Crain’s reported that an investment group apparently has paid a record per unit price for the luxury apartment building at 1225 N. Wells in Old Town that was only completed last year.
Heitman LLC, a Chicago-based real estate investment firm, has agreed to pay about $158 million for a 250-unit luxury apartment building, according to people familiar with the transaction. The price equates to $632,000 per unit, a high for Chicago and a sign of soaring investor demand for trophy apartment towers, fueled by ultra-low interest rates.
The previous record was a 2007 sale of the Grand Plaza East Tower at 540 N. State for $545,738 per unit. That was just before the crash.
Few are predicting that the good times will end badly. But the feverish investment activity is eliciting comparisons to 2007, another golden period for real estate investors that ended when global financial markets crashed in 2008.
“Things are getting silly again,” says Dan Fasulo, managing director of Real Capital Analytics, a New York-based research firm.
That’s because the Federal Reserve’s loose monetary policy has pushed interest rates on bonds and other investments to near-historic lows, forcing many big investors to seek higher returns in real estate and other assets, he says.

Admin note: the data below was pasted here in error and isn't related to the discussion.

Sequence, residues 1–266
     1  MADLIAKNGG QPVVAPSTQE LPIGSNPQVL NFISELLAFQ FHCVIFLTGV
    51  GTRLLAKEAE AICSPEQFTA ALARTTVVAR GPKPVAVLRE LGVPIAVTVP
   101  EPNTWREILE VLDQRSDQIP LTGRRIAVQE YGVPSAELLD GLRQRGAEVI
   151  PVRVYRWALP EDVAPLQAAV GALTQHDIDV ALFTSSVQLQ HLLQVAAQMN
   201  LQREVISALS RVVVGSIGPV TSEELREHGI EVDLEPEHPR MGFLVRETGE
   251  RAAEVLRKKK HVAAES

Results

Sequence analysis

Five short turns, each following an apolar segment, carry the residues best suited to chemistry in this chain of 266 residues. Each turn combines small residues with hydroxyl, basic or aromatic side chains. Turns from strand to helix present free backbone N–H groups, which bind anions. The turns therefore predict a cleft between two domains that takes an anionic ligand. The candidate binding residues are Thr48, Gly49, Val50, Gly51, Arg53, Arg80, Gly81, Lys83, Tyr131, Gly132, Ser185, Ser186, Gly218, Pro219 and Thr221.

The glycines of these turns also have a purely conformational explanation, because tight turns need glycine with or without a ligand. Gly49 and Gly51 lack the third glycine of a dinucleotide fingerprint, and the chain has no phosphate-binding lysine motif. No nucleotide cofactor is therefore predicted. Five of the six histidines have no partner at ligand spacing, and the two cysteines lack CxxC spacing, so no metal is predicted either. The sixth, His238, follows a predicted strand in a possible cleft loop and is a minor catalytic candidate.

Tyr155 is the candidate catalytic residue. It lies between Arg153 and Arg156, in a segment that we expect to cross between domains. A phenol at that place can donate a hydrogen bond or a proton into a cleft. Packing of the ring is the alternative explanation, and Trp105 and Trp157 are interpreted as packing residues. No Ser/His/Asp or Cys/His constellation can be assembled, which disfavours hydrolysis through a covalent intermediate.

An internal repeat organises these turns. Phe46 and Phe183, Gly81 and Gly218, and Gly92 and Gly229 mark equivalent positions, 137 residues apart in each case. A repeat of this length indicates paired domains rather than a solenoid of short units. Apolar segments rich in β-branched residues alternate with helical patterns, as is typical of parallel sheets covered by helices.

And nearly 5,000 more apartments are slated to come on the market downtown by the end of 2014.
The Hines-JDL venture completed the 16-story building at 1225 N. Wells St. last year. The project is among the first in a wave of high-end downtown apartment towers launched in recent years by developers aiming to capitalize on high occupancies and soaring rents. Net rents at luxury downtown apartment buildings have risen 33 percent since bottoming out at the end of 2009, according to Appraisal Research.
In the fourth quarter, tenants at 1225 Old Town paid the second-highest net rents in the city: $3.04 a square foot, after Aqua Tower on the New East Side at $3.17, according to Appraisal Research.
Up to this point, demand for high-end apartments has outpaced supply. The question on many minds is whether the building boom will create a glut, forcing landlords to slash rents to attract and retain tenants.
What’s the end game for these landlords?
Just how high can rental prices go?
Is real estate’s ‘silly season’ returning? [Crain’s Chicago Business, Alby Gallun, May 6, 2013]